DEVELOP HISTORYDEVELOP HISTORY,
Police fire tear gas after fans in East Java stormed the pitch, sparking a stampede that killed more than 100 people.
At least 129 people were killed and dozens injured in a riot at a soccer match in East Java province, according to Indonesian police.
In a statement on Sunday, police said Arema FC supporters stormed the pitch of a stadium in the eastern city of Malang after their side lost 3-2 to Persebaya Surabaya on Saturday night.
Police said they tried to persuade fans to return to the stands and fired tear gas to control “riots” after two officers were killed. Hundreds of fans then ran to an exit gate to avoid the tear gas. Some suffocated in the chaos and many were trampled to death.
“Thirty-four people died in the stadium and the rest died in hospital,” East Java Police Chief Nico Afinta said.
The death toll is likely to rise, he said, as the condition of many of the approximately 180 injured deteriorated.
A hospital director told local television that one of the victims was five years old.
Video footage from local news channels showed fans pouring onto the pitch inside the stadium at Kanjurujan Stadium in Malang after Arema FC lost to Persebaya Surabaya. Scuffles can be seen, with what appeared to be tear gas in the air.
Images also showed people who appeared to have lost consciousness and were being swept away by fellow fans.
The stadium seats 42,000 people and authorities said it was sold out. Police said about 3,000 people stormed the pitch. Vehicles outside the stadium were also set on fire. Including a police car.
The Indonesian top league BRI Liga 1 suspended play for a week after the game on Saturday. Arema FC and Persebaya Surabaya are bitter rivals and Saturday’s result marked the former’s first loss to the latter in more than two decades, AFP news agency said.
The Indonesian government has apologized for the incident and promised to investigate the circumstances surrounding the stampede.
“We apologize for this incident…this is a regrettable incident that ‘hurts’ our football at a time when fans can watch football matches from the stadium,” Indonesia’s Sport and Youth Minister Zainudin Amali told Kompas broadcaster.
“We will thoroughly evaluate the organization of the game and the attendance of the fans. Will we again ban fans from attending the games? We will discuss that.”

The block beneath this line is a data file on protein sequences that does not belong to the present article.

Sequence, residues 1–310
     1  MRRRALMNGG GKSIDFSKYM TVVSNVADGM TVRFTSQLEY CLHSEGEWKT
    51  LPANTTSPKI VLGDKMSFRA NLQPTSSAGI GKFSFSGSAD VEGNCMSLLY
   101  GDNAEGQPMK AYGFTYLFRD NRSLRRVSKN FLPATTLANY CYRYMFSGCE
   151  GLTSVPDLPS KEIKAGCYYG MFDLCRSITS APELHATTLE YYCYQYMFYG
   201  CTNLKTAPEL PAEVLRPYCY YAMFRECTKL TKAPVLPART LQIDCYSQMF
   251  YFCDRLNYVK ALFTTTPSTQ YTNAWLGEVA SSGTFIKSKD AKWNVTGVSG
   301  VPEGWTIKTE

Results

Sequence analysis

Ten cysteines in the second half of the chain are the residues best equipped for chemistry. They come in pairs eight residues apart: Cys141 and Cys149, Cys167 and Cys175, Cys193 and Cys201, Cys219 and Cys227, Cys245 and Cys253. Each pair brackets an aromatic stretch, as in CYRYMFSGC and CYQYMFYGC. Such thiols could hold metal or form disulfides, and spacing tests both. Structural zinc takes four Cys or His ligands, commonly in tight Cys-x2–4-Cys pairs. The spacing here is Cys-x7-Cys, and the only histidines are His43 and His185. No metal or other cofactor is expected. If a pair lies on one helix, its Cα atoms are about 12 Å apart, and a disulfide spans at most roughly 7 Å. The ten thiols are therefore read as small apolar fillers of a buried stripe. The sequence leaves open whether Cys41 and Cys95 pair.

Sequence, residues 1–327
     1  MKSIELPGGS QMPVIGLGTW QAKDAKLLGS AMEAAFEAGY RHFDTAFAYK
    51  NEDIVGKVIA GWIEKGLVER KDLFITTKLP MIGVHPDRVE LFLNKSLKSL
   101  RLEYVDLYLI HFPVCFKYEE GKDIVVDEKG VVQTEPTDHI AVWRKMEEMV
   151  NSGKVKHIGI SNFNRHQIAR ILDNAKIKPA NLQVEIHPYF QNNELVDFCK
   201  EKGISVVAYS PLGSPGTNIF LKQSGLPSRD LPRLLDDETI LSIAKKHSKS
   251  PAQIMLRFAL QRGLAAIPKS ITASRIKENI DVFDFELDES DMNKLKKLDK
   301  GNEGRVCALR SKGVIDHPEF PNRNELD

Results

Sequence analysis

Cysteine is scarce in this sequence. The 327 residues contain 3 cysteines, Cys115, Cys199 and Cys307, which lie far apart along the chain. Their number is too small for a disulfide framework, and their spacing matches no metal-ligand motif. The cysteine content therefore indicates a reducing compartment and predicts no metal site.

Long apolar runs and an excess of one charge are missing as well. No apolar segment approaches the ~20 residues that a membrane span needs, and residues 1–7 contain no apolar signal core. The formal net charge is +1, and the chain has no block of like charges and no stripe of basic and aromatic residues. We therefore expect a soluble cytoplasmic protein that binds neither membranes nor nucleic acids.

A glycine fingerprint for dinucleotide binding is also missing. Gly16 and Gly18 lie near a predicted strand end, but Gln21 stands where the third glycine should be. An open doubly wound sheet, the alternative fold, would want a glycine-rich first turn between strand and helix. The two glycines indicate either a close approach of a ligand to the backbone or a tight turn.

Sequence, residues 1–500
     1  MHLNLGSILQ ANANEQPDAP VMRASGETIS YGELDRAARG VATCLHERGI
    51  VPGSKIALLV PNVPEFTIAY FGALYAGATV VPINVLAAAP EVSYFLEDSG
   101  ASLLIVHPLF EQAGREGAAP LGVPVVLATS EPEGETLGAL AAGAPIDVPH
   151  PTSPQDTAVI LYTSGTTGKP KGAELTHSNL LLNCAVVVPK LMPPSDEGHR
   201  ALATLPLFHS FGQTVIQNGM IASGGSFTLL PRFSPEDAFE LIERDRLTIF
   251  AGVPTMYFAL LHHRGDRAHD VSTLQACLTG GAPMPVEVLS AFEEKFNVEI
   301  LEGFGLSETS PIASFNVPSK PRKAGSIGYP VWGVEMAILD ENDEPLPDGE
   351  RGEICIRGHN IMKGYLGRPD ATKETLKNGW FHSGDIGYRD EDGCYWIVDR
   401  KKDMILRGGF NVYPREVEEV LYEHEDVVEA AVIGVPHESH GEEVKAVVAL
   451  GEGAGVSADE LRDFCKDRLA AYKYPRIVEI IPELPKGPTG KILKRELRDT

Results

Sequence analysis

Indonesia’s Coordinating Minister for Politics, Law and Security, Mahfud MD, later said the organizers had ignored the authorities’ recommendation to hold the game in the afternoon instead of in the evening. He also said the government recommended only 38,000 tickets be printed, but instead there was a sold-out crowd of 42,000.
“The government has improved the way football matches are conducted… and will continue to improve. But this sport, loved by the wider community, often provokes fans to suddenly express emotions,” he said in an Instagram post.
Fan violence is an ongoing problem in Indonesia, with intense rivalry between clubs sometimes leading to violence among fans.
But Al Jazeera’s Jessica Washington, reporting from the Indonesian capital Jakarta, said Saturday’s tragedy was “historic”.
“We’ve never seen anything like it. This is a historic tragedy not only for soccer in Indonesia but also for international soccer. This is one of the greatest tragedies the sport has seen in terms of fan violence and fan deaths at a game,” she said.
Other stadium disasters include a 1964 scrum during an Olympic qualifier between Peru and Argentina at Lima’s National Stadium, which killed about 320 people, and the 2012 Port Said tragedy in Egypt, where 74 people died in clashes.
The Football Association of Indonesia (PSSI) announced that it had opened an investigation into Saturday’s incident and banned Arema FC from hosting home games for the remainder of the season.
“We are sorry and our apologies to the families of the victims and everyone involved in the incident,” said PSSI Chairman Mochamad Iriawan.
The tragedy comes as Indonesia is set to host the FIFA U-20 World Cup in May and June next year. They are also one of three countries bidding to host next year’s Asian Cup, the continent’s equivalent of the European Championship after China withdrew as hosts.